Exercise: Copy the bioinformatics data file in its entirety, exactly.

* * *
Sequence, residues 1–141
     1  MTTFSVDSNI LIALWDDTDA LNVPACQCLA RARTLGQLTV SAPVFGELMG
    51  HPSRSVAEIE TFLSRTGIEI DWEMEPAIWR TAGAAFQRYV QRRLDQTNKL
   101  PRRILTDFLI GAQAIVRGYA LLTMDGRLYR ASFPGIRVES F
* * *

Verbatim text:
Sequence, residues 1–141
     1  MTTFSVDSNI LIALWDDTDA LNVPACQCLA RARTLGQLTV SAPVFGELMG
    51  HPSRSVAEIE TFLSRTGIEI DWEMEPAIWR TAGAAFQRYV QRRLDQTNKL
   101  PRRILTDFLI GAQAIVRGYA LLTMDGRLYR ASFPGIRVES F